On 15 September, the most complex, most risky and most thoroughly tested software project in history will be switched on. Moreover, if it falls over, or is hacked immediately, it will probably precipitate a global collapse of somewhere around one-quarter of a trillion dollars in assets, possibly within hours, making every financial collapse in history look flaccid, with domino effects and contagion that we can’t even grasp.
Why Does it Matter
It has been in development for about eight years. It has somewhere between 200 and 300 of the smartest developers all over the world working on it. As it switches on, the event will be watched by millions of people, many of whom will not really understand what they are seeing on their screens. Most people on Earth will not know or care that it is happening. Unless of course, $250-billion disappears overnight.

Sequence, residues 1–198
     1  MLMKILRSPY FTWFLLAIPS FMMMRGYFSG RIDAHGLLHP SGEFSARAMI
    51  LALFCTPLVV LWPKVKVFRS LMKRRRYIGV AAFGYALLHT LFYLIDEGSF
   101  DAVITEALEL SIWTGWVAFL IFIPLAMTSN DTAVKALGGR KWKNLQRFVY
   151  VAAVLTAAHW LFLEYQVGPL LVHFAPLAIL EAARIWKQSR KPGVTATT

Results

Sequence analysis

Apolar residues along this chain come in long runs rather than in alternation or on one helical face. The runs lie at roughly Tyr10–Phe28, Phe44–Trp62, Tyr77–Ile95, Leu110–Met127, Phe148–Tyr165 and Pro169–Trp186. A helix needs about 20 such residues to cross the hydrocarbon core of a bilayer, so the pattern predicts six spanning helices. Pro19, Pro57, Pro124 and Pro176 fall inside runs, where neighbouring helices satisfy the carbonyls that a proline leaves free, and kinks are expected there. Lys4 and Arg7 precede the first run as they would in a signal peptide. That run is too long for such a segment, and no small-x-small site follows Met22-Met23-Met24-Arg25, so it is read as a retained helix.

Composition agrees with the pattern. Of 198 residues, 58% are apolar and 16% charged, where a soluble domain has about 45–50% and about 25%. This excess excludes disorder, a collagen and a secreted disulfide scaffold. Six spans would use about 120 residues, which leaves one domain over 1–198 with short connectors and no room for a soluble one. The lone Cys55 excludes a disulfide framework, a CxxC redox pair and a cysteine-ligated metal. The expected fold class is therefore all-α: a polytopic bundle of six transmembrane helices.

It is this. You have a couple of hundred billion dollars of value locked into your blockchain. You are processing $1-billion per day, transactions flowing constantly through the network, 24 hours per day. How in the world can you risk making a profound and fundamental change to the architecture in real time without breaking stuff? Or, as it is often analogised, how do you change a jet engine in mid-flight? This was, and is, the nature of the problem, its risk and its complexity and challenge. And it means testing. On test networks. With test cryptocurrencies. With test computers, thousands of them. And testing and simulating and improving and testing again. Which has been going on for years and exceeds anything the software world has ever seen. All this for a more energy-efficient blockchain? Partially, yes, but more importantly it is part of a longer roadmap — less energy, a deflationary monetary system, fast throughput, low fees, sustainable incentives for stakeholders and other more arcane features. All the stuff everyone in crypto secretly dreams about at night and tweets about by day.